Digital Edition

December 10 2018

Issue link: https://jocdigital.uberflip.com/i/1057592

Contents of this Issue

Navigation

Page 13 of 63

14 The Journal of Commerce | December 10 2018 www.joc.com International Maritime AT THE CENTER of New York and New Jersey's push to boost container- on-barge use, Red Hook Terminals is looking to position itself as the hub of a low-cost, efficient regional barge service that can replace trucked con- tainers, especially in and out of the vast New York consumer market. The port's smallest terminal — with cargo growth that outstripped the port as a whole last year but lags it slightly this year, according to Red Hook Terminals — believes barges can help alleviate the expected pres- sure on the port's four main, New Jersey-based terminals and area high- ways, as port cargo volumes and area congestion increase. Authorities say trucks carry about 90 percent of the cargo entering or leaving New York City, and the port's annual cargo volume is expected to increase by more than 50 percent by 2026. And while the New Jersey ter- minals are about 10 miles outside the city, Red Hook is the only terminal at its center — a location from which some shippers, among them Heine- ken, already are reaping the benefits. "When you start looking at the future of the port and the future of the region, congestion is going to be a major disruptor to economic growth if there is not another way of bringing goods in and out of the city other than truck," said Michael T. Stamatis, president and CEO of Red Hook Ter- minals, which operates that Brooklyn terminal. Stamatis recently signed a five-year lease on the terminal, with an option to extend it by five years. More use of barges, he said, "has to happen because it's just not sustainable to move 90 percent of the goods into the city by truck." Although the concept has been discussed, and pursued, for years, its progress has been slow. Barges carried only a tiny proportion — measured in the tens of thousands — of the 4.8 million loaded TEU handled by the port in 2017. Yet last month's creation of a coalition of port stakeholders by the Port Authority of New York and New Jersey and New York City government officials to explore and promote barge use — known as the North Atlantic Marine Highway Alliance — has put new scrutiny on the strategy. So too did the July announcement by New York City officials that barges would play a key part in a $100 million plan to reduce truck traffic by pursuing other ways to move freight in and out of the city. Stamatis said a barge carrying several hundred containers could be moved in less than a day from discharge at a New Jersey terminal to Red Hook, with actual travel time on the water of about two hours. That would cost about $2,500 to $3,000 for a barge that could hold 400 containers — less than $10 each — with a truck fee on top to move each container to its destination in New York, Stamatis said. By comparison, moving a con- tainer by truck from the Port of New York and New Jersey to Sunset Park, Brooklyn, would cost about $750 to $800, with the trip taking between one hour and 2 1/2 hours, depending on the traffic, said Tom Adamski, agent for First Coast Logistics. He estimated that trucking the container from Red Hook to Sunset Park could cost $250 to $400. The 80-acre Red Hook terminal, with a 5,500-foot berth and a 42-foot depth, currently takes vessels of up to 4,000 TEU, but could take larger ships, Stamatis said. The terminal, with an annual capacity of 200,000 TEU, handled 110,000 TEU in 2017, a 9 percent increase from 2016, and is on track for a 3 to 5 percent increase this year, Stamatis said. The terminal is host to two services, a CMA CGM global service that calls in Europe, Australia, and New Zealand; and a Seaboard Marine service that sails to and from South America, the Carib- bean, and Central America. In 2016, Red Hook began putting together a cross-harbor barge service linking its terminal with Port Newark NY barge hub? Red Hook touts container barges as a means to ease road congestion By Hugh R. Morley "Congestion is going to be a major disruptor to economic growth if there is not another way of bringing goods in and out of the city other than truck." The Red Hook terminal, with an annual capacity of 200,000 TEU, handled 110,000 TEU in 2017, a 9 percent increase from 2016. Shutterstock.com Importing & Exporting | Ports | Carriers | Breakbulk | Global Logistics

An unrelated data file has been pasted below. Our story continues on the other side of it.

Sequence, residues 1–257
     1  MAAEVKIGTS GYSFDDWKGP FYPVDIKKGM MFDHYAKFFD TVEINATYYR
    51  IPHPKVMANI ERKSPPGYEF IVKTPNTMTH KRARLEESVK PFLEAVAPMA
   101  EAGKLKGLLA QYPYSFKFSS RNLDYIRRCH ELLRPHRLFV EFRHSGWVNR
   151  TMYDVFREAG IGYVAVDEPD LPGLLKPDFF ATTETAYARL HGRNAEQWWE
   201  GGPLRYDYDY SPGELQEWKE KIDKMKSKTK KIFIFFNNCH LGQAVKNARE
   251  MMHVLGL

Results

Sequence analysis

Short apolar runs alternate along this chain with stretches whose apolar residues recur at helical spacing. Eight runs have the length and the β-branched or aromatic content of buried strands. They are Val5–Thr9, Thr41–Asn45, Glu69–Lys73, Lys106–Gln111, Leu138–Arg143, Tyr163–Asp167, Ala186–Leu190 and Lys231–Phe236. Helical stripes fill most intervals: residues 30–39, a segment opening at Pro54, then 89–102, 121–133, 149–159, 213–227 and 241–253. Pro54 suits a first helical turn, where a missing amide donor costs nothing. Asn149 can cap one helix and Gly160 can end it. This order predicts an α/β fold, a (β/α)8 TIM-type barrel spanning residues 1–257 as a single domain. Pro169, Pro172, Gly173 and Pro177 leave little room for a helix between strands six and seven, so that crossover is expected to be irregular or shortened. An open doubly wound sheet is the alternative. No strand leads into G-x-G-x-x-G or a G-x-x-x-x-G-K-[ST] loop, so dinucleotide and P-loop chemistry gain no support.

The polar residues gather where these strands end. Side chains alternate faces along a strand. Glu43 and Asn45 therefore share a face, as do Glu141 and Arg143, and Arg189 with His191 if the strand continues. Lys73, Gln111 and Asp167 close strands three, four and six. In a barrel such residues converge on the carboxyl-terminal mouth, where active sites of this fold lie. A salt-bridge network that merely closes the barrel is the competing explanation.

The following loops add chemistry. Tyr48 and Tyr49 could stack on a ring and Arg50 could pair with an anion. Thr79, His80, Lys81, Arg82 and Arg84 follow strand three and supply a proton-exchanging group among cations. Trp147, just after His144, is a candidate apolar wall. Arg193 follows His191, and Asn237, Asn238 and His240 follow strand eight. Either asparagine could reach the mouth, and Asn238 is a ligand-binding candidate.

Articles in this issue

Links on this page

Archives of this issue

view archives of Digital Edition - December 10 2018